Solar Panel Project
The future is shiny bright at St Peter’s preschool
St Peters Preschool installed Solar Panels during April. We are now harvesting our daily energy from the sun.
A new solar project will not only help cut costs, but also reduce the carbon footprint of one of
Armidale’s longest running preschools.
St Peter’s Preschool has launched a crowdfunding campaign on 29 October 2016, which it hopes will raise $8,500 needed to install a 3.47 kWp solar system, supplied by New England Solar Power.
St Peter’s Director, Jane Schutz said with winter temperatures dropping below freezing, heating
costs for the small community-owned preschool is one of services’ biggest annual
“With just under 40 children attending the preschool each day, we are heavily reliant on air
conditioners to keep the rooms cool in summer and warm in winter. But with electricity costs
rising, it now accounts for more than 10 per cent of our annual budget excluding wages.”
Ms Schutz said the solar panels will create significant savings from both an economic and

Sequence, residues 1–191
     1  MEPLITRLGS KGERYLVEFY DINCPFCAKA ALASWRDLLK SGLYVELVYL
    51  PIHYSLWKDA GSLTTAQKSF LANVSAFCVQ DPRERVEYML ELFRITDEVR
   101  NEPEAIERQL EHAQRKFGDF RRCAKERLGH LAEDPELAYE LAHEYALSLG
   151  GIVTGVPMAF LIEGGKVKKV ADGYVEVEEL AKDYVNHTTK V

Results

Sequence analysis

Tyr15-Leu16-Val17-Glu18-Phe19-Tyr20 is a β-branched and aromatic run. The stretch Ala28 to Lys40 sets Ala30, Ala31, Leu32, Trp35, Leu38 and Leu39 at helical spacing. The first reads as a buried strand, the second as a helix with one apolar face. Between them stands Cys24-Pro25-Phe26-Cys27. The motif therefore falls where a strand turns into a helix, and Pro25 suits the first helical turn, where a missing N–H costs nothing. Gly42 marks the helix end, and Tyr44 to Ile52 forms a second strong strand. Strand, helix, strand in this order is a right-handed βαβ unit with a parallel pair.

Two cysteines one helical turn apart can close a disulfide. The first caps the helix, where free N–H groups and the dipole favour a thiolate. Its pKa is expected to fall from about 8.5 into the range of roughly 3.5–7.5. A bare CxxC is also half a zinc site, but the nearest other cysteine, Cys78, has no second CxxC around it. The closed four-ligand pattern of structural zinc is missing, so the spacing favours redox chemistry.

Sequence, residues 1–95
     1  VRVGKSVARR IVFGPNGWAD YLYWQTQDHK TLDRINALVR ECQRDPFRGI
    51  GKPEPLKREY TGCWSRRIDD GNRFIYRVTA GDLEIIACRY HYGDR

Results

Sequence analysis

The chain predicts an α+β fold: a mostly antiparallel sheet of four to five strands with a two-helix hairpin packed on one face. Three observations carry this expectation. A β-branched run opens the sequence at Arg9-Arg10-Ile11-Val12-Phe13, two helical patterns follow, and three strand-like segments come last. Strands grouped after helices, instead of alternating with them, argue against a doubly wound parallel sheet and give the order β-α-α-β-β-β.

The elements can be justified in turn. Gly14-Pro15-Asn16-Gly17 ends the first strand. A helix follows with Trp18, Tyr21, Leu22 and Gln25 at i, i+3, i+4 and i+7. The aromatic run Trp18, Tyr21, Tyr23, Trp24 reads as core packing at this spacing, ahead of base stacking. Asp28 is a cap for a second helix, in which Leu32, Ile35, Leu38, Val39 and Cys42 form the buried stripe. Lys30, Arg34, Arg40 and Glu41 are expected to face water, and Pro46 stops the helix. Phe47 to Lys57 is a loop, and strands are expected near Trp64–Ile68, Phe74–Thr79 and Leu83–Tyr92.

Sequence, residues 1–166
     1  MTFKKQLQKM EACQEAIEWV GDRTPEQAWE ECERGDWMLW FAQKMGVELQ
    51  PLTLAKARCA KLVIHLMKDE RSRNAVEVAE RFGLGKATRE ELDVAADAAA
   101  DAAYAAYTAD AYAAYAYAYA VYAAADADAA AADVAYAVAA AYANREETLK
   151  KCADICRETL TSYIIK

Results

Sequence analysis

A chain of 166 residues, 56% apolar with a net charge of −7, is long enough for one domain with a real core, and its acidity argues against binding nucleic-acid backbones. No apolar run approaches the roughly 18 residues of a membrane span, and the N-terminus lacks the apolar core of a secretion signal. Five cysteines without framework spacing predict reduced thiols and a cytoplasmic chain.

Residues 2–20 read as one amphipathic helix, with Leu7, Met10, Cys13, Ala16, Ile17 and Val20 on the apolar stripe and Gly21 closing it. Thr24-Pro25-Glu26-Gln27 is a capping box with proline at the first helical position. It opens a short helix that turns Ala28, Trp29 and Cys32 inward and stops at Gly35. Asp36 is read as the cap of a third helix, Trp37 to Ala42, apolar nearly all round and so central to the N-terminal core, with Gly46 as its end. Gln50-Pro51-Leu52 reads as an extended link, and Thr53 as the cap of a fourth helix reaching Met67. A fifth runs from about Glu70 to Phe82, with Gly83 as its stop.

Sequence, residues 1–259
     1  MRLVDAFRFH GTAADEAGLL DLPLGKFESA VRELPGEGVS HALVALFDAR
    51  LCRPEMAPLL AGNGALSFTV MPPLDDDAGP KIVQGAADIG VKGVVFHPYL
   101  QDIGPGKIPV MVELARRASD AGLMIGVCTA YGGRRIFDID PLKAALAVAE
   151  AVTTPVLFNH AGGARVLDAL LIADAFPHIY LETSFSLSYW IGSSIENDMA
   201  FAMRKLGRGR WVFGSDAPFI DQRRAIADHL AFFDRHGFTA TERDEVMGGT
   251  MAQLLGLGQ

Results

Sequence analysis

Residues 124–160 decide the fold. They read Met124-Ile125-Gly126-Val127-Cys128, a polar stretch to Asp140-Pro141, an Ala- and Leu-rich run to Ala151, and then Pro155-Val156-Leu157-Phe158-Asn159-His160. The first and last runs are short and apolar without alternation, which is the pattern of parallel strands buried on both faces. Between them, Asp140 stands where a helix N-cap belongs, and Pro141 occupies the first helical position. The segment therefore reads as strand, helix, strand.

“Approximately 40 per cent of the preschool's electricity will be generated by solar each year,
saving the preschool approximately $1,000 on electricity and reducing our carbon emissions
by 3,789 kg CO2-equivalent per annum.”
The first phase of the project includes the installation of 11 panels and 11 micro-inverters.
Installed beneath each solar panel, micro-inverters maximise energy production and convert
DC power into low-voltage AC electricity.
Armidale Regional Council has already thrown its support behind the project, awarding a
$1000 community grant to the service which will act as seed funding.
Ms Schutz said the addition of an interactive web-based application will allow the children and
their families to monitor energy production and consumption on the site in real-time.
“This is will be a wonderful teaching aid for the preschool. The children and their families will
be able to see just how much electricity is being generated from the sun. And what effect turning
off a light or putting a on heater can have on energy consumption.”
Ms Schutz said the project is set to benefit the current members of the preschool, but added
that more than 1000 families from Armidale and surrounds are estimated to have direct
contact, experience and interaction with solar energy during the lifespan of the solar panels.
“We are already harvesting fruit and vegetables from our gardens and feeding our worms the
scraps from morning fruit time. Installing solar panels is just the next step in our drive to be